Here is a far better quality video of the lynx at Wildwood from an episode of BBC’s Countryfile in 2011.
To finish of this post, I just want to thank Wildwood for their continued support of my project. Please go to their website (www.wildwoodtrust.org) and look at the recent work they’re doing, including fundraising £50,000 to rescue two brown bears that are currently being kept in awful conditions.
It’s been a week since my placement at StreetInvest came to an end. I’ve since moved back home for the summer, allowing plenty of reflection time. This week my internship with Macmillan Cancer Support starts and a new chapter begins on the road through NGOs. But the good news for me is that the previous chapter is still very much open; yes, I’m staying with StreetInvest. I have been offered (and am obviously accepting) a ‘Student Ambassador’ role within the organisation. I’m excited to see how this role develops. Having met with one of their current ambassadors, who has been one for a number of years, I understand the role to be very flexible, above all allowing me to keep in contact with StreetInvest. When I find out in September about my academic work load, I can use any free time that I have to go back and help out. Hopefully as a result, they will gain an extra volunteer and I will gain greater data for my dissertation.
I have created a survey and with the help of StreetInvest, distributed it to organisations who partner in street-work. It focuses on their opinions of communication systems and also includes a structured comparison system which enables them to decide how well different organisations communicate with one and other. I await any replies as of yet. I have created a survey for those who StreetInvest maintain contact with in Britain for awareness-raising. My job this week is to distribute it, which I think will be harder than it sounds. But I’m confident I know what I need to be doing having been educated clearly on how to use StreetInvest’s public communication platform.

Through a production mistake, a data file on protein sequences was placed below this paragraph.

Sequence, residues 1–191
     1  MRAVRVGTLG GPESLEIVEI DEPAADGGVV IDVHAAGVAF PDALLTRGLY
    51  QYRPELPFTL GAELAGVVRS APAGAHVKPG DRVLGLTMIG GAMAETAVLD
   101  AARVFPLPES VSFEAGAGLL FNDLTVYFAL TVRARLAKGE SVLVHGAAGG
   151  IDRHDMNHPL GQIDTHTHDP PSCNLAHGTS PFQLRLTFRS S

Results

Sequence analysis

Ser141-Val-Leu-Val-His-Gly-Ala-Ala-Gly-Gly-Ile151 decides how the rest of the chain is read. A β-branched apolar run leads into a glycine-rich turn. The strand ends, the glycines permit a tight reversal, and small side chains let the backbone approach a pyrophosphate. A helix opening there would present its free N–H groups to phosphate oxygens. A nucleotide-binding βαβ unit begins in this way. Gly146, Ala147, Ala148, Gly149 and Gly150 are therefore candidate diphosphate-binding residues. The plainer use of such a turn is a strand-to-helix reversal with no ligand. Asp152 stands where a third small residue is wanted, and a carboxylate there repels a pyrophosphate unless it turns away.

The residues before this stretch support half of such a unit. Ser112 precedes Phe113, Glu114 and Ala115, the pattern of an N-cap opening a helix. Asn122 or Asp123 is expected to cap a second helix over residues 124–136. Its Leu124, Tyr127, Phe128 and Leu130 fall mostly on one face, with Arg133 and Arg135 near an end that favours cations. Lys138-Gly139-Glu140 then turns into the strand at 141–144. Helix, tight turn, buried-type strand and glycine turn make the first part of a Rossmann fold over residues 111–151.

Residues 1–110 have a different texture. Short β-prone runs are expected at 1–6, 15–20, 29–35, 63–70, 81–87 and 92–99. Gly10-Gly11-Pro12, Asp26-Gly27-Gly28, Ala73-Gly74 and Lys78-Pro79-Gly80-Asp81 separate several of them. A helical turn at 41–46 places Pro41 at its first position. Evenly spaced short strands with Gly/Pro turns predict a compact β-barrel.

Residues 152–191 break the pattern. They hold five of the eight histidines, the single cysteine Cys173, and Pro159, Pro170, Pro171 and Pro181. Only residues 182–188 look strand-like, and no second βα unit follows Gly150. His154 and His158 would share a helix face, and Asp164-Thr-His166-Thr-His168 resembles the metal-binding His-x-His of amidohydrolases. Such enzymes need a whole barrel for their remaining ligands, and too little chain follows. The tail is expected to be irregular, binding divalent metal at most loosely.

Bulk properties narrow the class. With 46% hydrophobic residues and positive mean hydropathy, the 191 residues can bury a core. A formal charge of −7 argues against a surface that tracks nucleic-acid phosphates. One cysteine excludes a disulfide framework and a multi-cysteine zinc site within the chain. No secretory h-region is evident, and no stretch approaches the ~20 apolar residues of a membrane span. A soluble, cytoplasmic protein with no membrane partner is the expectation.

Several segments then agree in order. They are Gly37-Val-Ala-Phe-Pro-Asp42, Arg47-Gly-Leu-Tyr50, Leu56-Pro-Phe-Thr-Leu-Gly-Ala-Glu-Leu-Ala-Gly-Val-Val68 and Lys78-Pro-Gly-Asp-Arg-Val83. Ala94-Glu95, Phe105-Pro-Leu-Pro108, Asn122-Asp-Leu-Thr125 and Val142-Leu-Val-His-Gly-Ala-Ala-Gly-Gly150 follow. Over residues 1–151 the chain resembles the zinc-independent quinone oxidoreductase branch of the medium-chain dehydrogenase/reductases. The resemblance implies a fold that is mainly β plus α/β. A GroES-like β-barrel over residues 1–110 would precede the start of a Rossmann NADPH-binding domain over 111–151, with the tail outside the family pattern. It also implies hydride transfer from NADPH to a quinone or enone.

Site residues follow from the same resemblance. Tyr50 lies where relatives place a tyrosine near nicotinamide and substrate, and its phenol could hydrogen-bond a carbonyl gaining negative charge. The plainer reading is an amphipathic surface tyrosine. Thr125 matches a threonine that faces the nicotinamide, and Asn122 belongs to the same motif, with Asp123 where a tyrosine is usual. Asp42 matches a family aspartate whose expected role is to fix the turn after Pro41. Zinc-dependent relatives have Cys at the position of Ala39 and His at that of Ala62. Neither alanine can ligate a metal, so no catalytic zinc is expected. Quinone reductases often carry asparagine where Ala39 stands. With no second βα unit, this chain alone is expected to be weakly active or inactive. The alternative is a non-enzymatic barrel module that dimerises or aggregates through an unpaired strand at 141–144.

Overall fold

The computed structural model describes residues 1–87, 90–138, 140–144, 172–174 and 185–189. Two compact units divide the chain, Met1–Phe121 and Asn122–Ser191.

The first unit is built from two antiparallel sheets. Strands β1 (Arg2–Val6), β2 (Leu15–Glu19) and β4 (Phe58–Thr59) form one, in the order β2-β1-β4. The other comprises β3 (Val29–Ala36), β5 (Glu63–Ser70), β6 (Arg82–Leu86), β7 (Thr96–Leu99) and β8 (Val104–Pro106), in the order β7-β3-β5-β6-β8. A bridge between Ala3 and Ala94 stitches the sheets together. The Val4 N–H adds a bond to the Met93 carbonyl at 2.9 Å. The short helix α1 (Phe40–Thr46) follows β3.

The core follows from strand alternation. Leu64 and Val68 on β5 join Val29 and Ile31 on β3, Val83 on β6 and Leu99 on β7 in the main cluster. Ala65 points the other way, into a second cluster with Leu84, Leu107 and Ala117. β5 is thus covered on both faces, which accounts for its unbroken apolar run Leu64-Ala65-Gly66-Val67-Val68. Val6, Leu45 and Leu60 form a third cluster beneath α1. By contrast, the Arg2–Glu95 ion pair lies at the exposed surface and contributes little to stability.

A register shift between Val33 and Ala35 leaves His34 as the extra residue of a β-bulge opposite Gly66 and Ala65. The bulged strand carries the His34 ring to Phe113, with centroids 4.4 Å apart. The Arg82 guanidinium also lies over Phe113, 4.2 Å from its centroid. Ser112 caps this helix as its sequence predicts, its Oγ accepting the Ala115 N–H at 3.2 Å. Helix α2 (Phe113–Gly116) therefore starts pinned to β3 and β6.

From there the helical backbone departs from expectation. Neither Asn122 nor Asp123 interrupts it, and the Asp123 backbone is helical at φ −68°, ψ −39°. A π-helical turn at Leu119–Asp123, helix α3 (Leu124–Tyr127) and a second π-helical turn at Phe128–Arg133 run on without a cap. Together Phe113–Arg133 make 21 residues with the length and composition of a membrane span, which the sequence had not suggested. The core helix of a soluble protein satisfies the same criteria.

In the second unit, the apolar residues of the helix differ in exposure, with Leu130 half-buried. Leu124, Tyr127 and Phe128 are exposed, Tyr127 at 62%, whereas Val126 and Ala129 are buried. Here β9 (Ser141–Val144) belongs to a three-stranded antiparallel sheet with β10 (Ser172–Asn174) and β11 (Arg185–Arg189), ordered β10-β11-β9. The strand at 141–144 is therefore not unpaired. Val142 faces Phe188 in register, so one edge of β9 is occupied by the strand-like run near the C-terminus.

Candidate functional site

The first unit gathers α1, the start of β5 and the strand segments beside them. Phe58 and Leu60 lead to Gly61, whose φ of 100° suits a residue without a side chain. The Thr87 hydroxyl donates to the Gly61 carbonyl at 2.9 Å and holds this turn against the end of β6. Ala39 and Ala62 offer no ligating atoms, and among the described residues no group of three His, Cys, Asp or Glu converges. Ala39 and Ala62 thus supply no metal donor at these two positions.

Research so far has shed light on the effort NGOs place into PR and Communications. I’ve learnt of the different methods StreetInvest uses to make itself known. They are an NGO keen to constantly gain new ideas. One PR method which StreetInvest do NOT participate in, but which was suggested to the organisation by an outside source, is the PR technique of paying a celebrity to advertise the NGO. This is now accepted as a useful PR tool in the corporate world and if done correctly, could create large amounts of publicity, awareness and increased funds. However the moralities of an NGO deviating too far into the corporate world can be shocking. StreetInvest has a duty to spend the money which people donate, to help in running the organisation in a way which is generally accepted by the donors. Although the boundaries can be blurred, gambling money by funding celebrity endorsed campaigns seems very wrong to me. How would you feel if an organisation that you donated to, then spent that money on PR through payment to a celebrity?